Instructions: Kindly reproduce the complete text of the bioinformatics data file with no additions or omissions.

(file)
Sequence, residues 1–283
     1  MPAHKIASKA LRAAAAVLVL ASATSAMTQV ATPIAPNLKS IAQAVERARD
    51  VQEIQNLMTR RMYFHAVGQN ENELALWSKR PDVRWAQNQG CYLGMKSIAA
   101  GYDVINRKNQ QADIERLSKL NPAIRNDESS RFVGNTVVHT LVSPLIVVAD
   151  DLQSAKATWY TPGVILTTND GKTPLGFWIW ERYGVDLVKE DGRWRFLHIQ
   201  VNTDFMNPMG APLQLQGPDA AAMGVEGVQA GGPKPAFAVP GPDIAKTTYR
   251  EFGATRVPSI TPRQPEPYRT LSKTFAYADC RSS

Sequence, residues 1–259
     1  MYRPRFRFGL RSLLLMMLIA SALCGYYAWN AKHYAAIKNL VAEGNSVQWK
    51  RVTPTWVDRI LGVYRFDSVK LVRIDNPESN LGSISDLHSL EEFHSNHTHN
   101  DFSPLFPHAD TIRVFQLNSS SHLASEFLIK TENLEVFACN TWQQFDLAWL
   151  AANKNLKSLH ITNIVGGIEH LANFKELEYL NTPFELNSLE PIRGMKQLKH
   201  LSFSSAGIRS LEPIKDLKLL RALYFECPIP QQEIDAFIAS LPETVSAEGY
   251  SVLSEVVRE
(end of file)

Sequence, residues 1–283
     1  MPAHKIASKA LRAAAAVLVL ASATSAMTQV ATPIAPNLKS IAQAVERARD
    51  VQEIQNLMTR RMYFHAVGQN ENELALWSKR PDVRWAQNQG CYLGMKSIAA
   101  GYDVINRKNQ QADIERLSKL NPAIRNDESS RFVGNTVVHT LVSPLIVVAD
   151  DLQSAKATWY TPGVILTTND GKTPLGFWIW ERYGVDLVKE DGRWRFLHIQ
   201  VNTDFMNPMG APLQLQGPDA AAMGVEGVQA GGPKPAFAVP GPDIAKTTYR
   251  EFGATRVPSI TPRQPEPYRT LSKTFAYADC RSS

Sequence, residues 1–259
     1  MYRPRFRFGL RSLLLMMLIA SALCGYYAWN AKHYAAIKNL VAEGNSVQWK
    51  RVTPTWVDRI LGVYRFDSVK LVRIDNPESN LGSISDLHSL EEFHSNHTHN
   101  DFSPLFPHAD TIRVFQLNSS SHLASEFLIK TENLEVFACN TWQQFDLAWL
   151  AANKNLKSLH ITNIVGGIEH LANFKELEYL NTPFELNSLE PIRGMKQLKH
   201  LSFSSAGIRS LEPIKDLKLL RALYFECPIP QQEIDAFIAS LPETVSAEGY
   251  SVLSEVVRE